Defeat on the south coast today (Sunday) saw a return to the bad old days for Arsenal as a poor Southampton side were gifted a 3-2 win.

As so often the Gunners did in Arsene Wenger’s later years, we allowed a relegation-threatened side the opportunity to get on top of us with an error-strewn display that, on this occasion, our attack was unable to cancel out.

Despite twice coming from behind, Arsenal ultimately left themselves too much to do and were all at sea for the winning goal, a simple deep punt and close-range header for which several players were culpable.

It was an intensely frustrating way to cede our long unbeaten run, particularly to a side as woeful as Southampton, who, despite their success, remain a shoddy outfit stocked with one-dimensional players.

It was a habit I’d hoped we could move on from, particularly after Arsene’s final season in charge, but the spectre of that vulnerability was very much in evidence again as the Gunners were punished on three occasions and conceded a plethora of chances, some 12 shots, seven of which were on target.

It is not an especially new feature of this team – they have been conceding a disproportionate number of chances on goal all season – but it is something that was brought into sharper focus today by the lowly position of our hosts who, frankly, haven’t been able to hit a barn door from five yards all season.

Clear above all else is that, despite his best efforts, Unai Emery hasn’t managed to get a firm grip of this defence just yet. There have been improvements, for a certainty, but the propensity to make glaring errors has not disappeared and that, increasingly, looks as though it may be down to personnel, rather than a tactical issue.

Let’s not forget that we were without Rob Holding (knee), Sokratis and Shkodran Mustafi (both suspended) today, while Hector Bellerin was lost to injury midway through the game and Sead Kolasinac picked up a knock in training. In short, we were missing a lot of established and match fit players who have done fairly well this season.

The result was a patchwork defence featuring Granit Xhaka in the centre, with Laurent Koscielney and Nacho Monreal (both returning from long lay offs) and then Stephan Lichtsteiner and Ainsley Maitland Niles (also returning from an injury lay off). It was far from ideal and it showed.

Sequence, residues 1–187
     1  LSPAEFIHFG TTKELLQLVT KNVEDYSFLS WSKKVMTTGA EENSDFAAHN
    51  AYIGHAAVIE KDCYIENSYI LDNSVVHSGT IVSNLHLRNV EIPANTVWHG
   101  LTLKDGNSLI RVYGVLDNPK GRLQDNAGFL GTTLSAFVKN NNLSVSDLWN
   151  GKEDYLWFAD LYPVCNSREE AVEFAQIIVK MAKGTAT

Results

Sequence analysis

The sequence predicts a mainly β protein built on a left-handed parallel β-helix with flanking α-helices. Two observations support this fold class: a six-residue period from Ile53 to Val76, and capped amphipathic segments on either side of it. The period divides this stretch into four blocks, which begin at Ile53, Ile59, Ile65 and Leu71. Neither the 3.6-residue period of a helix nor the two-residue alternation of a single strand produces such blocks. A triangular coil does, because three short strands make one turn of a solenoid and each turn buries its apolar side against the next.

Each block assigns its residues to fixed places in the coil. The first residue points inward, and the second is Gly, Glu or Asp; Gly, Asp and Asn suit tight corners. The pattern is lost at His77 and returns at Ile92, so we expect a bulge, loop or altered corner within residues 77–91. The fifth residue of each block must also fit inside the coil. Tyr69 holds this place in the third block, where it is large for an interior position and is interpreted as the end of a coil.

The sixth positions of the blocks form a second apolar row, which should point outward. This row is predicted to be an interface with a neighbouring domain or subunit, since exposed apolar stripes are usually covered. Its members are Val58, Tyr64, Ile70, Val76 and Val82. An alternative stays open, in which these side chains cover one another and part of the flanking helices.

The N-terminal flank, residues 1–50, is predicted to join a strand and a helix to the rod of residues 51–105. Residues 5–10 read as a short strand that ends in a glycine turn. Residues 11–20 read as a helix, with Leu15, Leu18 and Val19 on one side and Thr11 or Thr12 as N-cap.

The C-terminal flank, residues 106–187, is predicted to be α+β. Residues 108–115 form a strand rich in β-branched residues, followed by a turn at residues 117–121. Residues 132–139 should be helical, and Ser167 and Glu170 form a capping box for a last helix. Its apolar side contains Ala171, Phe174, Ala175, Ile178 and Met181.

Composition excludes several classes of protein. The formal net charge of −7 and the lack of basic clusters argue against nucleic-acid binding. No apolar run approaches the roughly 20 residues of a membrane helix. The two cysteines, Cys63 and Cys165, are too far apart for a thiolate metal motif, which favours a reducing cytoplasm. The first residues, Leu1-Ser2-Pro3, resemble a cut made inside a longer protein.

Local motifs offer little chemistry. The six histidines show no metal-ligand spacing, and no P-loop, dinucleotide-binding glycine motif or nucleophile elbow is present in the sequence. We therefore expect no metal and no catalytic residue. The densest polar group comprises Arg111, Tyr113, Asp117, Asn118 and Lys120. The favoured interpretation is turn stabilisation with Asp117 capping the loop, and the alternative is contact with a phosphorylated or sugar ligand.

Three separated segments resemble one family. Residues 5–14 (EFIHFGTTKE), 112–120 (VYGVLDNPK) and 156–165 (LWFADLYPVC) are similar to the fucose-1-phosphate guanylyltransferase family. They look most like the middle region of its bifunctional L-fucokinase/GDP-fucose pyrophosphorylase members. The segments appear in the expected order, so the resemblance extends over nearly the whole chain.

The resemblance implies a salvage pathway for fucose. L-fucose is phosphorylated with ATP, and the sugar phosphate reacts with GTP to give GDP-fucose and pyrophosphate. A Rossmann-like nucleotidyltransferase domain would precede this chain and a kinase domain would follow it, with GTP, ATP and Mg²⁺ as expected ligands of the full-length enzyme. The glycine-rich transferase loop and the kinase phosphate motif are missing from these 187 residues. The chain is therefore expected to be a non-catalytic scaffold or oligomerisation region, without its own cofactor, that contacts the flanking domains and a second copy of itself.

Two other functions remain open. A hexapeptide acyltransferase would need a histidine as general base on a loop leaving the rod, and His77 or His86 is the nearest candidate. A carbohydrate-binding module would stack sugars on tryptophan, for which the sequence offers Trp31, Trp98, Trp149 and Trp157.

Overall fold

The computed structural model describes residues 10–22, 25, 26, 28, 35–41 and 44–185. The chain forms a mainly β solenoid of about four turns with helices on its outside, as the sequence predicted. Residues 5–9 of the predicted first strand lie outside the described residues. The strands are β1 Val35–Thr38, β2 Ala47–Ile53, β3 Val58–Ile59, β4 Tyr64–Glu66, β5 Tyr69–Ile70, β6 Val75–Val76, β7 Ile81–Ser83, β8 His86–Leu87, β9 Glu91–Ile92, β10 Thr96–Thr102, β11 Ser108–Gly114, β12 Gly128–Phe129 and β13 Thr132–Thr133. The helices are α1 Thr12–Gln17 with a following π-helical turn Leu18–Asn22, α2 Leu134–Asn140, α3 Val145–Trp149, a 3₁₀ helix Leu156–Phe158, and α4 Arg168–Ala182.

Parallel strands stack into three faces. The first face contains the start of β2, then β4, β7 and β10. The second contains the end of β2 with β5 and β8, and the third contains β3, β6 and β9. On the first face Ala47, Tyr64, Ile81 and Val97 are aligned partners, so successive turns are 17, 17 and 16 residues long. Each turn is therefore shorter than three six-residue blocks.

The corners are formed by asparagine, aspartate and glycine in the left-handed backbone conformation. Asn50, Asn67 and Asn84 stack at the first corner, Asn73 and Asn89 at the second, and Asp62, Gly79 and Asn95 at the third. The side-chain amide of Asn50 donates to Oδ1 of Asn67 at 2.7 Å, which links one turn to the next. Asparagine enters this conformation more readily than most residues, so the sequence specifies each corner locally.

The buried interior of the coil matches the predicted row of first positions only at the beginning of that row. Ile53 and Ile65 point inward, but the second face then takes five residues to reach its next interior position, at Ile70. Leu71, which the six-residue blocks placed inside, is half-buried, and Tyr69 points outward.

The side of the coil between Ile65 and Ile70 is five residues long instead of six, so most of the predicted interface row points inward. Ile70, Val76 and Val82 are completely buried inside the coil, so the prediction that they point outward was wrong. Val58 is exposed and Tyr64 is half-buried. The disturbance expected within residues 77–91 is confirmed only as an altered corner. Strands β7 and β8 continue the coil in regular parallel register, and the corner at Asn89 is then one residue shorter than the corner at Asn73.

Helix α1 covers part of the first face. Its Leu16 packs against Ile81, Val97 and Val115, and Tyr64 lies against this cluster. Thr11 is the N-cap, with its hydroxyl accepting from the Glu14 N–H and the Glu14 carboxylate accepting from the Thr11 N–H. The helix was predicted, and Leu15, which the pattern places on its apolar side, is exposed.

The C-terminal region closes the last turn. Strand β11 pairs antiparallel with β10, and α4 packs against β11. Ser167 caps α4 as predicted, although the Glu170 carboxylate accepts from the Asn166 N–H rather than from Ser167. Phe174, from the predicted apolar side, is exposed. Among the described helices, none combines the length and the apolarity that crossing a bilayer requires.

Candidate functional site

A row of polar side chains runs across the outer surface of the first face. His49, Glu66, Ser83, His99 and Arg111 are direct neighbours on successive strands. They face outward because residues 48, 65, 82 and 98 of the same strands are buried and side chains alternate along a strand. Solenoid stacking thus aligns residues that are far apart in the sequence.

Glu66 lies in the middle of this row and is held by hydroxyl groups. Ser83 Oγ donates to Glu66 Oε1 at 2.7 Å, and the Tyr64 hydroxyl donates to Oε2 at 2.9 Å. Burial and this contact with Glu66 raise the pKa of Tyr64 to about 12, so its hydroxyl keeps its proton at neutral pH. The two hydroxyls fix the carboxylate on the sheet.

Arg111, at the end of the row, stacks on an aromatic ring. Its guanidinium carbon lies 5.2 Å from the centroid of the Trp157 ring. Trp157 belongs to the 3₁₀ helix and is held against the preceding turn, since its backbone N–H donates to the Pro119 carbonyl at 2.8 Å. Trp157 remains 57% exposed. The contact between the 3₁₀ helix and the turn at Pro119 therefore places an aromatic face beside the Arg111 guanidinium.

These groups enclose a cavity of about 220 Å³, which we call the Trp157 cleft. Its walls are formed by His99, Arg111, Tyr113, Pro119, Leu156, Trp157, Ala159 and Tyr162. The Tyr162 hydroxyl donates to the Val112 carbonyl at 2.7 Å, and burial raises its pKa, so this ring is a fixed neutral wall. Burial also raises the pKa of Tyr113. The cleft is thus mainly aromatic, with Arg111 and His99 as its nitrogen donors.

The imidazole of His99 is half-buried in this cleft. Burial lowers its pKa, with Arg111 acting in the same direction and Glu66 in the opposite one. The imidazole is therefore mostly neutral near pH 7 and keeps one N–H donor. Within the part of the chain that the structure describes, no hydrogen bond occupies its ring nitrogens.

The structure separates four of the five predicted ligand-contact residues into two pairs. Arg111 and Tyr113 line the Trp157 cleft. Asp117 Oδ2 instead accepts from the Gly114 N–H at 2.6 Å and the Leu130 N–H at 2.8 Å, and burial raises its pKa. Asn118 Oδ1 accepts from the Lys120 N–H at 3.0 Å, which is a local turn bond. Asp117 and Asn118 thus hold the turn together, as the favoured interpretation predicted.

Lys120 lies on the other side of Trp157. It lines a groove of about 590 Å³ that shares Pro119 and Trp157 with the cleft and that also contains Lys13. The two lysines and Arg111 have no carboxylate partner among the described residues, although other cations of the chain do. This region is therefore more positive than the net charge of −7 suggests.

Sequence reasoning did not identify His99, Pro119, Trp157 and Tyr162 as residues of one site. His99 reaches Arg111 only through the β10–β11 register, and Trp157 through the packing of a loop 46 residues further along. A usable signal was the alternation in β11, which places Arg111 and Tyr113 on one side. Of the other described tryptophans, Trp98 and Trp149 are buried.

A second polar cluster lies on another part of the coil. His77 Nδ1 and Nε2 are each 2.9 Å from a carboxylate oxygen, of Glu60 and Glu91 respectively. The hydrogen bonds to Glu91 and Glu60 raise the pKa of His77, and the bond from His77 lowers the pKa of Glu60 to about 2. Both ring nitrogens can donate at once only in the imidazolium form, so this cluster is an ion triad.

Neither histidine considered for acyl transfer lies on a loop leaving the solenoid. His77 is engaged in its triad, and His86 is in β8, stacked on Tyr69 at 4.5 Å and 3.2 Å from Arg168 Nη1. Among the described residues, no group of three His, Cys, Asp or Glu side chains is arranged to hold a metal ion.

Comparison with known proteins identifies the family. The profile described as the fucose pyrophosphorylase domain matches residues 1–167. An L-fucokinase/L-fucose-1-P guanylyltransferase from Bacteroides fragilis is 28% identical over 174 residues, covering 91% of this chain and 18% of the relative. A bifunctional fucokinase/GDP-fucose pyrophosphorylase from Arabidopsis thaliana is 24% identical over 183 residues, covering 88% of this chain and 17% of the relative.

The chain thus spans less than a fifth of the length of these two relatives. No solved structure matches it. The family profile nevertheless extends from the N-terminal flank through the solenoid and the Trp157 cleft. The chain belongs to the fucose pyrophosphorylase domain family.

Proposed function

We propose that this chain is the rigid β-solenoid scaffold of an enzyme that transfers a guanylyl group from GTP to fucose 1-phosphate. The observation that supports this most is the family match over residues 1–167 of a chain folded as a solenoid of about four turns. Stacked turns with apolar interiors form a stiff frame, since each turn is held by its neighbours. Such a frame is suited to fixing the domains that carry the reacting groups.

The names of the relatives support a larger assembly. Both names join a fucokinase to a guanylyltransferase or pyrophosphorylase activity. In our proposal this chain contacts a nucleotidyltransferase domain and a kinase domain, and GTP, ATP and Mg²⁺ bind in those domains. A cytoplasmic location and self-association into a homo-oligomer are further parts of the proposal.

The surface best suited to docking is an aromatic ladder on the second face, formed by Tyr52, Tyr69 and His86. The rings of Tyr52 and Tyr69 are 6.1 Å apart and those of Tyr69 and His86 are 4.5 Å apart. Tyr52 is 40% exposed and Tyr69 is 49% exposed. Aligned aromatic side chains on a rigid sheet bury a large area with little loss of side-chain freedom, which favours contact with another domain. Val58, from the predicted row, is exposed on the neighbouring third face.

In the short term, Emery is going to have to find a way to cope over the next few weeks as the games come thick and fast. Sokratis and Mustafi should return following their one-match suspensions but problems remain in the wide areas.

He may also have to make tweaks in order to sure this team up from a defensive perspective because the performance at St Mary’s was too much like a Wenger team for comfort. It’s not a habit or reputation we want to acquire.

It’s not worth pushing the panic button just yet. The uplifting effect of a new manager and a series of favourable circumstances for the home side (injuries, glaring errors etc) afforded them the win and those aren’t issues we will have to deal with every week.

However, we don’t want the damaging effects of defeat to linger on any longer than this weekend, particularly after acquiring so much momentum over the last 21 matches.

In the longer term, Unai Emery and Sven Mistlintat will need to have a good look at our playing personnel and whether they are the right fit for where we want to be. All players make mistakes, and all players have the capacity to improve, but not all players have the ability required to perform at the level we want to be at so some long, hard thinking must needs be done.

Can we move some players on and bring some new ones in to take us to the next level? I would imagine almost certainly yes. Whether we can do that sort of business in January is unclear but I would be surprised if we didn’t at least try.

For now, all we can do is brood on our first defeat in a good while and hope we can dust ourselves down for next week.

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Written by blogonyougunners

Journalist, blogger, and long suffering Arsenal fan, bound for all time to share the pain and misery, and occasional pin-prick of joy, that comes with following North London's finest exports.

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